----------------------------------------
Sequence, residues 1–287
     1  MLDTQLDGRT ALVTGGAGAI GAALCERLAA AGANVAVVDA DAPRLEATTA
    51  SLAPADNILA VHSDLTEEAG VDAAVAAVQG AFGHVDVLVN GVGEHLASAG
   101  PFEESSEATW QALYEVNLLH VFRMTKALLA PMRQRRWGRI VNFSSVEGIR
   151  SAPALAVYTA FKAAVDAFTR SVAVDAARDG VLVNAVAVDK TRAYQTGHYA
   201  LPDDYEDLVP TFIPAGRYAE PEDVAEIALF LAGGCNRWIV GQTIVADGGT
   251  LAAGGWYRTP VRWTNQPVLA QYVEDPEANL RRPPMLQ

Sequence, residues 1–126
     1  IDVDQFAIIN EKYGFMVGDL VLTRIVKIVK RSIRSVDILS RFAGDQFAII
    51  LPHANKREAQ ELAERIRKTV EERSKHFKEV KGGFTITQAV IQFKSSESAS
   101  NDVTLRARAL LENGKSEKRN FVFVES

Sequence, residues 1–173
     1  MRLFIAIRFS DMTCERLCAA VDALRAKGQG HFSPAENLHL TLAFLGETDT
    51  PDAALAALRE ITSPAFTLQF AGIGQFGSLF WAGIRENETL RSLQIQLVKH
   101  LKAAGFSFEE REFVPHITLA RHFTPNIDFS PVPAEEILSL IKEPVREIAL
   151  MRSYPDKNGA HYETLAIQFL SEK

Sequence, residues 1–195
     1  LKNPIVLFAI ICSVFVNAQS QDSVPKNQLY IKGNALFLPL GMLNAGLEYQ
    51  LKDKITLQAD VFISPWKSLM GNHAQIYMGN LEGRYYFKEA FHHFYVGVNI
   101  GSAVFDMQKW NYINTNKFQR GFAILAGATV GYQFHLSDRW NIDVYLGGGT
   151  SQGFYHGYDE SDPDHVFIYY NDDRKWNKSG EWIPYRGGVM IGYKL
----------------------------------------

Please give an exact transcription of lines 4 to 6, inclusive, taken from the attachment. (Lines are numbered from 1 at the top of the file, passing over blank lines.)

   101  PFEESSEATW QALYEVNLLH VFRMTKALLA PMRQRRWGRI VNFSSVEGIR
   151  SAPALAVYTA FKAAVDAFTR SVAVDAARDG VLVNAVAVDK TRAYQTGHYA
   201  LPDDYEDLVP TFIPAGRYAE PEDVAEIALF LAGGCNRWIV GQTIVADGGT